Tribeza’s October Issue Showcases Innovative Austin Architecture
Explore a family-run construction business, historic buildings across the city, tricks for improving your space and more
Words that I never thought I’d use together — “luxury” and “tree house.”
Over the last few years, anyone who’s been in the process of building a home has had the same headaches: shortages, supply chain issues, long waits and figuring out how to construct a new home sustainably and ethically. Insert the Escobedo Group. This 35-year-old family-run construction business has developed a prefab system called the DARIO Panelized System. They are able to assemble a home on site in a matter of days — not months — and create way less waste. One of their recent projects was a special guest house suspended 12 feet in the air, nestled in the trees.
Originally dreamed up by two little girls, the house is set atop a steel support system that’s designed to mimic tree trunks. The structure appears to be floating in the air among the foliage. Mirrored panels reflect the tree canopy and lake, and floor-to-ceiling mirrored glass cubes form the bedroom and bathroom spaces — truly breathtaking!
“This started as a tree house for the clients’ children and morphed into an art project that everyone wants to stay in,” says interior designer Fern Santini.
Whether you enjoy having your head in the clouds or your feet firmly planted on the ground, you’ll want to check out this month’s Austin Eye View series — focusing on architectural insights, including tips and tricks for creating your own space. We call on four local experts including Studio Penhaskashi, Raise Design, CG&S Design-Build and Urban Home Builders. They lend their expertise in traditional architecture, landscape architecture, interior design and home building.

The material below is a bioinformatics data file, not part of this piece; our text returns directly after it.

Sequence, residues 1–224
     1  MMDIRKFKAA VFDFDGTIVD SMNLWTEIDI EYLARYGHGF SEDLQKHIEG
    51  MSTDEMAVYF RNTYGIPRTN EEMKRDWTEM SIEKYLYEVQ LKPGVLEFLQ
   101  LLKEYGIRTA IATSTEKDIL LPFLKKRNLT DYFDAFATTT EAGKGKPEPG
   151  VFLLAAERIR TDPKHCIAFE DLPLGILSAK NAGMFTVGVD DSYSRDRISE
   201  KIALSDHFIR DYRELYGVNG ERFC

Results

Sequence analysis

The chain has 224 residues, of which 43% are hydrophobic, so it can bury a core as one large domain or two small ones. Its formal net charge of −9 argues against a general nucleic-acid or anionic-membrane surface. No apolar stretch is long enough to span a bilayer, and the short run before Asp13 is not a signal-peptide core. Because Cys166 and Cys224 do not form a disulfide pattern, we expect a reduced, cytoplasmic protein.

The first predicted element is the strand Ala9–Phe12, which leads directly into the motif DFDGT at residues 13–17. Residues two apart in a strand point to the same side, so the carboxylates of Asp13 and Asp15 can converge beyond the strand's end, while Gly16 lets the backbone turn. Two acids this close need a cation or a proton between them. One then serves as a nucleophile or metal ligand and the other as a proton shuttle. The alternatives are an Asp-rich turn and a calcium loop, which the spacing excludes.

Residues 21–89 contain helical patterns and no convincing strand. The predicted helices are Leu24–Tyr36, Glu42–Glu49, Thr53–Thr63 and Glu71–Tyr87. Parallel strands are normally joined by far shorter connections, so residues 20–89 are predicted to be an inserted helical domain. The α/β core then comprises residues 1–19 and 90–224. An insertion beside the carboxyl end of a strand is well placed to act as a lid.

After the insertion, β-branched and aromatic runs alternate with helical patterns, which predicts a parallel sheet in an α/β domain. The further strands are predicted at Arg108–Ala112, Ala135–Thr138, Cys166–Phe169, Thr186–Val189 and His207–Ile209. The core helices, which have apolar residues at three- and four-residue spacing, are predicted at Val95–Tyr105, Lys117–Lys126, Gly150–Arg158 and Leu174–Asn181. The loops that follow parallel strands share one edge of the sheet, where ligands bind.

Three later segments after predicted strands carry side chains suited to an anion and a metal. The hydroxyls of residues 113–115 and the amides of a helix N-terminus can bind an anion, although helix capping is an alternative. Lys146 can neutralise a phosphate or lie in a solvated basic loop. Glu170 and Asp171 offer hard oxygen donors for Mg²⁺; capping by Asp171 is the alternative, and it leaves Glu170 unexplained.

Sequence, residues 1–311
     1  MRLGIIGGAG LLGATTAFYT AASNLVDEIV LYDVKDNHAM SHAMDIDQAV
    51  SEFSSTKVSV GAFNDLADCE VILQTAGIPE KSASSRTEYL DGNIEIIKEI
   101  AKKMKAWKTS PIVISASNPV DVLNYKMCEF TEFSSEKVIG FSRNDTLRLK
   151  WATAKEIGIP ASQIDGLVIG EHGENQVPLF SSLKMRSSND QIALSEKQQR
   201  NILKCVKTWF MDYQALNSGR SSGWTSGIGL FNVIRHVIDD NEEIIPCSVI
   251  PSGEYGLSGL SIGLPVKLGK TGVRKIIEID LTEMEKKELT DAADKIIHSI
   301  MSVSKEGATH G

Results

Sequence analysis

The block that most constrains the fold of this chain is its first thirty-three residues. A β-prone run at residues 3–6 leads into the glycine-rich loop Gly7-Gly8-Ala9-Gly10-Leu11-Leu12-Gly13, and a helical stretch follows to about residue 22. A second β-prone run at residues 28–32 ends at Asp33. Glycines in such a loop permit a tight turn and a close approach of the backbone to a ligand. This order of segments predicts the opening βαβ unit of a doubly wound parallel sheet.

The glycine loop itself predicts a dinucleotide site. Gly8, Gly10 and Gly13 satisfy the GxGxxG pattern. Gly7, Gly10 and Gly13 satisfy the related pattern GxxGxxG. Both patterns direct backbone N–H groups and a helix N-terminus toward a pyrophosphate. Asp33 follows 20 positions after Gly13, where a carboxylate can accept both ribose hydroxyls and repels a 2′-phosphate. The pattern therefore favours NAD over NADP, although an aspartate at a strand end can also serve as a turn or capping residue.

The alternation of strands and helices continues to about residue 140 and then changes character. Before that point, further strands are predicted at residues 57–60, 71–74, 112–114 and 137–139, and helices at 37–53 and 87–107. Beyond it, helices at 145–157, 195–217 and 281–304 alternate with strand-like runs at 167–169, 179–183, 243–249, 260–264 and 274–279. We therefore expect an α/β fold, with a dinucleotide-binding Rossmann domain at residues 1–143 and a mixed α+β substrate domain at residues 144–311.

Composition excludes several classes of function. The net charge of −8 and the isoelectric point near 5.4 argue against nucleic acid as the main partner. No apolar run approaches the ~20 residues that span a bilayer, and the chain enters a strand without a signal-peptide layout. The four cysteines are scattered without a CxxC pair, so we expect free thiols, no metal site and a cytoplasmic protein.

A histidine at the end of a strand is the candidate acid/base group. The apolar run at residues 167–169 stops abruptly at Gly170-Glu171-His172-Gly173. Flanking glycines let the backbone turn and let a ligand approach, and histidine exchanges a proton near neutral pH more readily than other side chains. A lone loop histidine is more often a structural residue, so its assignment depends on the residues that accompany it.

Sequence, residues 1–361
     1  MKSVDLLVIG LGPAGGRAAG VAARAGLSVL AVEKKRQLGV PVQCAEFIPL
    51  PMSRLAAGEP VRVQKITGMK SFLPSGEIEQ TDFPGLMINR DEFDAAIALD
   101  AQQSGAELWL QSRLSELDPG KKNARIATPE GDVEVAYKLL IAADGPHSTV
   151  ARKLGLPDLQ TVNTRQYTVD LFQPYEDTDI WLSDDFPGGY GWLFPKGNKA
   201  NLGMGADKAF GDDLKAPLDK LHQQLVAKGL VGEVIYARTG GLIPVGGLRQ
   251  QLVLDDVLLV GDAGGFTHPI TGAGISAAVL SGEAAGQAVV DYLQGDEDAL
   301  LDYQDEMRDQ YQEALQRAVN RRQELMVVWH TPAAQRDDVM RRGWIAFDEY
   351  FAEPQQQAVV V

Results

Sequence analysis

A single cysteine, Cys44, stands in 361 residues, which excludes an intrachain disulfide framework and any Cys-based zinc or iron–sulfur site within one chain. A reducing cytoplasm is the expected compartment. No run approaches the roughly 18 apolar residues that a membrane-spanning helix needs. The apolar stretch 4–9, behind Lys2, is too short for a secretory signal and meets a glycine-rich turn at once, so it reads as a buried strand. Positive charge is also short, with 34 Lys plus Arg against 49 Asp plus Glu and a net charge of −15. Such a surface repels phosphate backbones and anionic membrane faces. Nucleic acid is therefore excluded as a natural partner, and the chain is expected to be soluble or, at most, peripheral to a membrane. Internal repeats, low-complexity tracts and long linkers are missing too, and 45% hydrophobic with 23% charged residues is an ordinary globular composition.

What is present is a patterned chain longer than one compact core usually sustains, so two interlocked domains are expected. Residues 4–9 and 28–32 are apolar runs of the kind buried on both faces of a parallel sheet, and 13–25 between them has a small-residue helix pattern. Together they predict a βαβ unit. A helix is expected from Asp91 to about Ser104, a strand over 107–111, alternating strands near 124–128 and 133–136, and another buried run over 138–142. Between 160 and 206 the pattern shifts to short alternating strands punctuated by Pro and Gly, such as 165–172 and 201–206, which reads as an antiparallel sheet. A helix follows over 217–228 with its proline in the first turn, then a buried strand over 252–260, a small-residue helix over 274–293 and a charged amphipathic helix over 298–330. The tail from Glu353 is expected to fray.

When asked what people should pay most attention to when working with an architect, Joshua Penhaskashi says, “The architect’s ability to listen. There are so many details that are significant to a client and important to be incorporated into a project. An architect that listens will be able to bring these details to fruition with ease. Simply being a talented designer is not enough when it comes to having a highly functional space.”
With the intense heat we’re experiencing in Central Texas, we ask Rachel Raise what we can do to keep our landscaping alive. “Plant native plants; they are used to our drought conditions and can also handle when we do get heavy rain out of the blue. Other tips are to use drip irrigation systems, which use less water than sprinklers but are targeted on each individual plant and root zone. Also, have a rainwater harvesting system. Plants prefer rainwater and with the torrential downpours we tend to get, it is a great way to save water and help your landscape thrive. Plus, the city has a rebate program for them so it’s a win-win,” says Rachel.
Finally, our architecture issue spotlights three new restaurants and one bar that are proving that when it comes to design, it comes down to the very last detail. In “The Devil Is in the Details,” we discuss how interiors set the tone for your meal and often complement the menu. As they say, “you eat with your eyes first.”